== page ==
Green, Science, Sustainability

New Technology Allows Crops to Grow in a Desert

Sundrop Farms’ new facility in Port Augusta, Australia measures 20 hectares and enables the production of high-quality produce in harsh climates with degraded land.
Sundrop Farms’ new facility in Port Augusta, Australia measures 20 hectares and enables the production of high-quality produce in harsh climates with degraded land. Photo: Sundrop Farms.

A new kind of farming technology is making a tomato farm flourish in one of earth’s most arid places: the South Australian desert, a place with little usable land and no sources of freshwater at all. However, a new, super solar-powered boiler has been installed at a farm belonging to Sundrop Farms, receiving energy from the sun through a whopping 23,000 mirrors. The plant can process 2.8 million liters of seawater every day, using the steam to clean the air, and the water to raise some happy tomatoes.

The farm, made possible by a $100 million donation from Henry Kravis and KKR, is intended to help boost tomato production in the desert area north of Port Augusta in Australia. The funding comes with a new 10-year contract with Coles, a supermarket, which has agreed to buy the tomatoes, ensuring that the investment remains solid and productive.

KKR’s investment joins others from the South Australian government. Because of these investments, Sundrop Farms believes it will be able to expand and create 300 new jobs.

Greenhouses associated with the farm will grow more than 15,000 tons of sustainably-grown tomatoes a year, and the demand for that kind of produce is expected to grow by 15-25 percent over the next year. The amount of produce the desert farm generates would significantly ease the added pressure on the market and, hopefully, keep the costs of tomatoes low for consumers.

When construction is finished on the farm later this year, it will span about 50 acres. It will also boast a fancy refrigeration system that can chill steam from 35 Celsius to 18 Celsius quickly, using an environmentally-friendly form of ammonia that has “zero global warming potential,” according to Cold Logic, the firm that created it.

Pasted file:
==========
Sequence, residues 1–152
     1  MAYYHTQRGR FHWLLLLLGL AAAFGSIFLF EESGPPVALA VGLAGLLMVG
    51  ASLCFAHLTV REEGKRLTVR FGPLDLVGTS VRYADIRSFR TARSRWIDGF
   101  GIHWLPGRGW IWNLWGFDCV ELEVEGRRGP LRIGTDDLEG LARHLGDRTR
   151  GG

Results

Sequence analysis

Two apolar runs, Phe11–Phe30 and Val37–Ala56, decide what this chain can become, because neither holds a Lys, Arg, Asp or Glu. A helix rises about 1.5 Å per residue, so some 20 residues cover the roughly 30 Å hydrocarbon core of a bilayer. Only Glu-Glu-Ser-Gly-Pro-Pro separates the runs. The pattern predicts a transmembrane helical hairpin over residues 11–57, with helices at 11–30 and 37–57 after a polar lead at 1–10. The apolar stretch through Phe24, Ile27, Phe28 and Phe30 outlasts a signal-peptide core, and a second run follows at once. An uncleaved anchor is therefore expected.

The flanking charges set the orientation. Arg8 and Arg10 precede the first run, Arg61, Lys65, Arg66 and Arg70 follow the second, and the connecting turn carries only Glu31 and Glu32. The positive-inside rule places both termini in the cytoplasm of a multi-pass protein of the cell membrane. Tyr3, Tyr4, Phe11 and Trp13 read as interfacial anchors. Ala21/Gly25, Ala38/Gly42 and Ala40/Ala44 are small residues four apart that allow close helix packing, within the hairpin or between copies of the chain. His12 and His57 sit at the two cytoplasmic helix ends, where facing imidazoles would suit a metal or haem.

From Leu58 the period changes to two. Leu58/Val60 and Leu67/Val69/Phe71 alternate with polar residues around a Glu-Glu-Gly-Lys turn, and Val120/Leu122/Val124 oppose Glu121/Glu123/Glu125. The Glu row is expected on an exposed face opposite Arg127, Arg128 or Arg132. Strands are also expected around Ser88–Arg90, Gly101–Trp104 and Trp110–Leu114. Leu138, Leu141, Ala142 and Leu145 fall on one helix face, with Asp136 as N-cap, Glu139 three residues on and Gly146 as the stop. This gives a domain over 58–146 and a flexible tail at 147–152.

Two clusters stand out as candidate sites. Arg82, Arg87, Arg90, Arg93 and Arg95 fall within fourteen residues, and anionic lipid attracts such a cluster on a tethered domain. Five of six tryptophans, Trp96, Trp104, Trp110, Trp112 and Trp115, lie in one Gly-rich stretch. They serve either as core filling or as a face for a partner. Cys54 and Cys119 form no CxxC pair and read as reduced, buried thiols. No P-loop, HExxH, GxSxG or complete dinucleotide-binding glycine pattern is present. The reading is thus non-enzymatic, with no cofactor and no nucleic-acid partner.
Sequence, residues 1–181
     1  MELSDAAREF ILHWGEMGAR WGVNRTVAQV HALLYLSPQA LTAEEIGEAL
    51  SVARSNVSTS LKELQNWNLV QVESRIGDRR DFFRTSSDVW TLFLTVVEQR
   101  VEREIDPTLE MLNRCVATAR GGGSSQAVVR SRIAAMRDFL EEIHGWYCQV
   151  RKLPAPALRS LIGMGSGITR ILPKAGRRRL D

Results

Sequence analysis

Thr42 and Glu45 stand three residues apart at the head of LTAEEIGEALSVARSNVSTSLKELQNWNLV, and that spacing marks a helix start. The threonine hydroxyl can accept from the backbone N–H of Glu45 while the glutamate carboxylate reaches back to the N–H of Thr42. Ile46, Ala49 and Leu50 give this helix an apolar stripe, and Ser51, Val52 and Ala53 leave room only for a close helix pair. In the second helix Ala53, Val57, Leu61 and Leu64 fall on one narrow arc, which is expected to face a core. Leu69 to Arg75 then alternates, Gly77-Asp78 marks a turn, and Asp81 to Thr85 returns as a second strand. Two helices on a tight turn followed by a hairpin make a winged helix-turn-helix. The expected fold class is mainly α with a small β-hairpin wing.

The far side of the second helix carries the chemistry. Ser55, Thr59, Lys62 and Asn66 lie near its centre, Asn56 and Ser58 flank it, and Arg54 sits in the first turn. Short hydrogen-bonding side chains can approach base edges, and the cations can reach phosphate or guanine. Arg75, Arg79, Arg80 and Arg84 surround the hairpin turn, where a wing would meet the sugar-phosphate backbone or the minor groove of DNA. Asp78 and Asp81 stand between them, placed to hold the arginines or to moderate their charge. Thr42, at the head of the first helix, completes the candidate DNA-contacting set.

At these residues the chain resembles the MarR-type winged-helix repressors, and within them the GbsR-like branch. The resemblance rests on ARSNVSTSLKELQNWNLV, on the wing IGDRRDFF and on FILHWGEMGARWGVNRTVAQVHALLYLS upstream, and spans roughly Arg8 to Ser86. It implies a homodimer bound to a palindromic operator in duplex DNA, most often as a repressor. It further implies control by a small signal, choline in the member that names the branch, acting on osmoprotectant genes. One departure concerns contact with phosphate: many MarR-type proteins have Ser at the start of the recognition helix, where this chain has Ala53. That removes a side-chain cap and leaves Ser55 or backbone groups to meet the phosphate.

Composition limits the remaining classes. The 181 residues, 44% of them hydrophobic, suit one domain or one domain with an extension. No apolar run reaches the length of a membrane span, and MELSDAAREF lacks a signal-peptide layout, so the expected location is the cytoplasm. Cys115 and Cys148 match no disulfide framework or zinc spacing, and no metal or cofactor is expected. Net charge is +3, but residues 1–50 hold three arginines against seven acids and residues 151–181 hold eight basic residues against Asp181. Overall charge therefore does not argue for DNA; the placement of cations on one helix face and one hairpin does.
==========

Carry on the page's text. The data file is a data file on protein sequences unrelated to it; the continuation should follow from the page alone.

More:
The new crop system “opens up new ways of producing crops out of very arid lands,” said Eddie Lane, a partner at Cold Logic. “It’s groundbreaking technology, and there’s been a lot of international interest from places like the Middle East.”

The solar farm does represent a lot of possible new opportunities in farming and food production. If land that could not ordinarily produce crops can be made to do so, we could come a long way in the fight against food scarcity, poor nutrition, and starvation around the world.

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Environmental Hazards, Science, Uncategorized

Radioactive Pollution From Fukishima Is Nearing The United States

 NASA satellite photo of Japan’s Fukushima Prefecture after being struck by a tsunami, since the incident in 2011 seawater contaminated with Cesium-134 has been moving closer to the United States.
NASA satellite photo of Japan’s Fukushima Prefecture after being struck by a tsunami, since the incident in 2011 seawater contaminated with Cesium-134 has been moving closer to the United States. Photo: NASA | FlickrCC.

In 2011 a tsunami caused by an earthquake hit the Fukushima nuclear power plant in Japan, resulting in three reactor meltdowns. Since then, scientists have been testing water in the Pacific Ocean at various distances from the site to determine what kind of contaminants have escaped from the site. The bad news is that contaminants keep entering the ocean from Fukushima, but the good news is that those levels are far lower than they were just after the event.

Cesium-134 is an isotope that acts as a sort of “fingerprint” for Fukushima, and finding it in water means provides the geographical sources for those particular isotopes. Cesium-134 has a half life of two years, meaning that every two years half of it decays, so based on the amount in a given body, scientists can tell how long it’s been there.

Lately, measurements have indicated that levels of Cesium-134 are elevated in water as close to the United States as 1,600 miles west of San Francisco. These samples have 50% more Cesium than previous samples, but those levels are still 500 times lower than safety limits for drinking water, and well below the levels where direct exposure is dangerous.

This information, coupled with samples taken from a kilometer from the site, indicates that Cesium-134 is still leaking out and getting into the water, but it can also allow scientists to figure out how much material actually made it into the ocean in the first place.

An interesting side effect too is that, since these isotopes can only have come from Fukushima, researchers can use them as markers to track how water moves though the Pacific Ocean. That could prove pretty useful for oceanographers, and it’s nice to know that there is at least some small benefit from that disaster.